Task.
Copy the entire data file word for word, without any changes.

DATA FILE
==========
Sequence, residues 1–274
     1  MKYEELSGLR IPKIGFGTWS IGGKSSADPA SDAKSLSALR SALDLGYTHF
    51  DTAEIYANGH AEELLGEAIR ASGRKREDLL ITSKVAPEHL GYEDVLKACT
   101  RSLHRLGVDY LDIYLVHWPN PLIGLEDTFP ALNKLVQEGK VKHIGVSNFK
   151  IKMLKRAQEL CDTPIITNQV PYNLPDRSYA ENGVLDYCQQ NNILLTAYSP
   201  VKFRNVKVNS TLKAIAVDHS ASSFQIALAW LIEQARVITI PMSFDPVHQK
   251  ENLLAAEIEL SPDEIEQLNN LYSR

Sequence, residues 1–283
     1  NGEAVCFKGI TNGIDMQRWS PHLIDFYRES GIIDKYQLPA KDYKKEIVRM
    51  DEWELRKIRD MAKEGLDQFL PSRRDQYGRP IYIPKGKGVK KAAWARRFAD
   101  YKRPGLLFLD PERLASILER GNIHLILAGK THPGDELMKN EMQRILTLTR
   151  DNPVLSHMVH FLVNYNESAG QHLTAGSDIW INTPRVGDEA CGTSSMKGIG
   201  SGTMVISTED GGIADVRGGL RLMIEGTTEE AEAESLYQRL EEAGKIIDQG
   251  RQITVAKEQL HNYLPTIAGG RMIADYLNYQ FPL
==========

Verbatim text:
Sequence, residues 1–274
     1  MKYEELSGLR IPKIGFGTWS IGGKSSADPA SDAKSLSALR SALDLGYTHF
    51  DTAEIYANGH AEELLGEAIR ASGRKREDLL ITSKVAPEHL GYEDVLKACT
   101  RSLHRLGVDY LDIYLVHWPN PLIGLEDTFP ALNKLVQEGK VKHIGVSNFK
   151  IKMLKRAQEL CDTPIITNQV PYNLPDRSYA ENGVLDYCQQ NNILLTAYSP
   201  VKFRNVKVNS TLKAIAVDHS ASSFQIALAW LIEQARVITI PMSFDPVHQK
   251  ENLLAAEIEL SPDEIEQLNN LYSR

Sequence, residues 1–283
     1  NGEAVCFKGI TNGIDMQRWS PHLIDFYRES GIIDKYQLPA KDYKKEIVRM
    51  DEWELRKIRD MAKEGLDQFL PSRRDQYGRP IYIPKGKGVK KAAWARRFAD
   101  YKRPGLLFLD PERLASILER GNIHLILAGK THPGDELMKN EMQRILTLTR
   151  DNPVLSHMVH FLVNYNESAG QHLTAGSDIW INTPRVGDEA CGTSSMKGIG
   201  SGTMVISTED GGIADVRGGL RLMIEGTTEE AEAESLYQRL EEAGKIIDQG
   251  RQITVAKEQL HNYLPTIAGG RMIADYLNYQ FPL